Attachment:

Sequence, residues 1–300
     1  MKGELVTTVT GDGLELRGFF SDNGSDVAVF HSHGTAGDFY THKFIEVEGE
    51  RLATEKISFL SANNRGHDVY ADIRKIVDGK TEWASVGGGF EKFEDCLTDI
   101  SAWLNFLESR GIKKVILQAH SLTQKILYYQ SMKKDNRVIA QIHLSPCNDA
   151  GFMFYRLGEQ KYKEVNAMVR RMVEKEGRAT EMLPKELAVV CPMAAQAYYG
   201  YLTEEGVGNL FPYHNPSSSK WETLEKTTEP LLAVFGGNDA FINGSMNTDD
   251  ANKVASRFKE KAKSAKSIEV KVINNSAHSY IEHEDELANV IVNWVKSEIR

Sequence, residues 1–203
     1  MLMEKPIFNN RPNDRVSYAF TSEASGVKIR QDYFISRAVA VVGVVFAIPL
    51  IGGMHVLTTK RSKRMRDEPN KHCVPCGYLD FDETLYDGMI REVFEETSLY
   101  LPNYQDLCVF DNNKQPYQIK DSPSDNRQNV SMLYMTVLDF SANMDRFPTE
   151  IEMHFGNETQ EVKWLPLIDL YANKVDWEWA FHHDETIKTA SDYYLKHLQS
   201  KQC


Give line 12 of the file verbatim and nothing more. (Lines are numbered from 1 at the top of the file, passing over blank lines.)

   151  IEMHFGNETQ EVKWLPLIDL YANKVDWEWA FHHDETIKTA SDYYLKHLQS